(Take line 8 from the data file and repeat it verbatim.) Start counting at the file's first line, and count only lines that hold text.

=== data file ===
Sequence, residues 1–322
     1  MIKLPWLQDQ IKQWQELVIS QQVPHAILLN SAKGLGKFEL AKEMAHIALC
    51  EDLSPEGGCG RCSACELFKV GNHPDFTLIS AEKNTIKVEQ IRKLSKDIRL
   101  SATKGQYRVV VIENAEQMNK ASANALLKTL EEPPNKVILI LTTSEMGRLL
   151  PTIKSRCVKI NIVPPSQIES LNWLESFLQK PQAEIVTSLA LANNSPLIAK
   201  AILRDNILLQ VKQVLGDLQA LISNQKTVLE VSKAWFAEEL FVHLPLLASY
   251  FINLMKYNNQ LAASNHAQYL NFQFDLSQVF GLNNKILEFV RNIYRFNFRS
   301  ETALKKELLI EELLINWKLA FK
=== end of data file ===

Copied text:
   301  ETALKKELLI EELLINWKLA FK